The transformation of Manny Pacquiao

Carlos Cinco
Carlos Cinco examines the changes in Manny Pacquiao's boxing style over the years

SINGAPORE — It’s been a little over a week since the controversial Manny Pacquiao-Timothy Bradley megafight which saw Pacquiao lose for the first time since dropping a decision to Erik Morales back in 2005.

By now everyone has to know that though Pacquiao was the clear and decisive winner, Bradley escaped with a bum decision and Pacquiao’s WBO Welterweight Title – a decision that most likely will not be overturned and will go down in history as one of the sports’ most blatant robberies.

It’s a fact that fans just have to accept, and the best thing for all is to move on.

That appears to be just what Pacquiao is looking to do as he leans towards a fourth encounter with arch-nemesis Juan Manuel Marquez instead of pursuing the immediate rematch with “The Desert Storm”.

Bradley for the most part seems unapologetic for the victory — which is understandable — and no one can really blame the guy.

He did his part in training hard for the fight and performing, and although it wasn’t enough in the eyes of nearly the entire general population, it was enough for 2 out of 3 judges who had the best seat in the house on that fateful night. It’s unfortunate, but it is what it is.

Changes in Pacquiao

But what really happened to Manny Pacquiao?

He hasn’t particularly looked spectacular in his past few fights. Pacquiao hasn’t scored a knockout since dismantling Miguel Cotto back in 2009 and has appeared to have declined, showing a bit of a slowdown in every subsequent fight since then.

At this point, let’s just be honest: Manny Pacquiao isn’t what he used to be.

Gone are the days when he was a bouncing ball of fire and brought hell to his opponents in every minute of every round. Pacquiao used to have boundless energy, the kind he used to decimate opponents via a relentless attack that never let up.

Need proof?

See Pacquiao-Barrera 1, Pacquiao-Diaz, Pacquiao-Marquez 1, Pacquiao-Dela Hoya, Pacquiao-Cotto and Pacquiao-Hatton.

Now compare those fights to his recent outings in Pacquiao-Mosley, Pacquiao-Marquez 3 and Pacquiao-Bradley. Not exactly the same guy,  right?

It’s a combination of multiple factors that led us to this point.

Why the change?

First, Pacquiao’s out-of-the-ring ordeals have finally shown their adverse effects on the boxer’s career – from politics, to religious duties, to business and everything in between.

Second, the gradual transformation of Pacquiao’s style into a more refined boxer slash puncher – and most recently, counterpuncher – due to all the wisdom and experience accumulated in over 50 gruelling battles.

Third, his actual physical decline. Pacquiao’s body at 33 years old and comfortably at the 147 lb. division has not been what it once was back in his Featherweight days.

I like to compare it to what occurred in Michael Jordan’s career when he was a 40-year old man playing for the Washington Wizards. Jordan still had “it” but had to modify his playing style to suit his obvious physical decline – the same thing that’s happening to Kobe Bryant right now. At 33 years old, it happens.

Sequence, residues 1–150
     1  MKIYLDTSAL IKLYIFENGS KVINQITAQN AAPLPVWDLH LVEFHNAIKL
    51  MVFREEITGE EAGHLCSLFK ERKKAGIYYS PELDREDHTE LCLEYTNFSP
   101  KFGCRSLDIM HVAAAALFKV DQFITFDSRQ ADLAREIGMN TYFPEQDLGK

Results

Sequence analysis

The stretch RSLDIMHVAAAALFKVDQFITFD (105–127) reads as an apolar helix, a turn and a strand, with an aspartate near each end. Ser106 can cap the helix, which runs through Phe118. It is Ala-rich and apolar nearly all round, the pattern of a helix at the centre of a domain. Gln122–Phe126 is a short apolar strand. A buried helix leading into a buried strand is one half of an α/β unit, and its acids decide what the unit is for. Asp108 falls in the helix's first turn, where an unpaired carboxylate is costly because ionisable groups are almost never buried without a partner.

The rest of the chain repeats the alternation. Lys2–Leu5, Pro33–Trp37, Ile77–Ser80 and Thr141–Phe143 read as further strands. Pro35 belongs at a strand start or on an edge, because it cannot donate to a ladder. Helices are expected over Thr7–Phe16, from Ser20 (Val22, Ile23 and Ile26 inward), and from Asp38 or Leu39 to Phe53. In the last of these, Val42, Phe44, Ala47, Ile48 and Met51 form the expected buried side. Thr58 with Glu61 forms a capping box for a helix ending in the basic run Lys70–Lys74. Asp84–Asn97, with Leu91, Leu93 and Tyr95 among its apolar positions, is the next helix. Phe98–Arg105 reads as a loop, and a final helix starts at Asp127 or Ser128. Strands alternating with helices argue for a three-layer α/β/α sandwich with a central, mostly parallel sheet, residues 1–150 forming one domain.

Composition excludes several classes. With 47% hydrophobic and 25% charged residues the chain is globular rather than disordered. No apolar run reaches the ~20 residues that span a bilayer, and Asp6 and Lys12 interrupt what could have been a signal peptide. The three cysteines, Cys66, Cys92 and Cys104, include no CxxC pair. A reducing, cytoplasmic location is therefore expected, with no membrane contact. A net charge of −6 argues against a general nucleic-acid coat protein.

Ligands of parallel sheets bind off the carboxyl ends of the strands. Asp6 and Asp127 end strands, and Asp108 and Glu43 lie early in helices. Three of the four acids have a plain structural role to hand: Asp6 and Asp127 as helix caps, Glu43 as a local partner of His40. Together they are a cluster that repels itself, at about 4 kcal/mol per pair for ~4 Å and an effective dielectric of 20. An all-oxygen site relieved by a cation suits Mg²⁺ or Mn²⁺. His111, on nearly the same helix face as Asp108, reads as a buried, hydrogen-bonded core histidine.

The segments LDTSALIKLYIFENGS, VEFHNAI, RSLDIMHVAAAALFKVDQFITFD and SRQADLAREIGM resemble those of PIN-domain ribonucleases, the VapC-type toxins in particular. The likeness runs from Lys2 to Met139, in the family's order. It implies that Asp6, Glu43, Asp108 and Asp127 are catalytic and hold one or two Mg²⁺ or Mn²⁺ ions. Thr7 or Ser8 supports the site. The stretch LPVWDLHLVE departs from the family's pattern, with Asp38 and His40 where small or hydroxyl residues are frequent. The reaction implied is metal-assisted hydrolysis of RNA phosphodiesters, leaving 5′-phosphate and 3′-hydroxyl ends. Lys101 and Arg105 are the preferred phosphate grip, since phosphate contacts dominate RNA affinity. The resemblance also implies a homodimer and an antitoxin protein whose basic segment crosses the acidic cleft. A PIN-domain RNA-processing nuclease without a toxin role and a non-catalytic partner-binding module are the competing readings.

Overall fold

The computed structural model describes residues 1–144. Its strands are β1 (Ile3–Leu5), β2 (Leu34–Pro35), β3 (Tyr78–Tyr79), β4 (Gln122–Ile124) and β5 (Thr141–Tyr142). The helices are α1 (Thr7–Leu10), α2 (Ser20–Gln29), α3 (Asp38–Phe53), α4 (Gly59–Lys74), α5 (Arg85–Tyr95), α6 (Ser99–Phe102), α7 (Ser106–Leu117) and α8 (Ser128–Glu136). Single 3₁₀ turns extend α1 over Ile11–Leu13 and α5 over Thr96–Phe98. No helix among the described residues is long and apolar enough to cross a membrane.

And now it’s happening to Manny Pacquiao.

In light of all this, it’s definitely not to say that the People’s Champ doesn’t have what it takes to beat the best of the best out there anymore – and not only beat them, but destroy them – including Timothy Bradley.

But he is beating opponents a different way.

The Pacquiao of today likes to box. He has better confidence in his counterpunching abilities now more than ever before. He has a complete arsenal of punches at his disposal and a much more improved defense than in any point in his career.

At this stage, Pacquiao opts to use knowledge and wisdom over trying to just merely outpunch and outlast an opponent physically.

The end result is a refined, master pugilist who makes every punch count.

Not a bad thing

He’s still the same exciting fighter that we know and love, just a bit more controlled and a bit laid back – which, as brilliant as he is, in turn makes him more succeptible to losses and being on the wrong end of a bad decision.

Still, Manny Pacquiao at 80% was enough to take care of Timothy Bradley… too bad the judges didn’t see it that way.

Perhaps Bradley was just in the right place at the right time.

There will be others after Bradley. Marquez for example, in the not so distant future, and possibly the next in line to take on the national fist – and he won’t be the last.

However, one thing is for certain: if Pacquiao does not rededicate himself to the sport and get rid of all external distractions, his body will not let him fight at his usual frenetic pace.

Pacquiao still can, no doubt, but he’d have to change a lot of things, that’s for sure.

For starters, I’d like to see him train a full 3 months at the Wild Card Gym, instead of spending a majority of camp in Baguio and then having to shift thousands of miles to L.A. for the continuation of training camp.

That would certainly get his undivided attention focused squarely on preparing for a fight.

In the end, I believe Manny actually said it best. The fight is won in the gym. “If you train hard, the fight is easy.”

If Pacquiao can find that hunger, that passion for the sport once again, then there’s no stopping him from taking out the Bradleys, the Marquezs and of course, if we are so lucky to witness it — the Mayweathers.

It’s either that or fade quietly into obscurity. — Rappler.com

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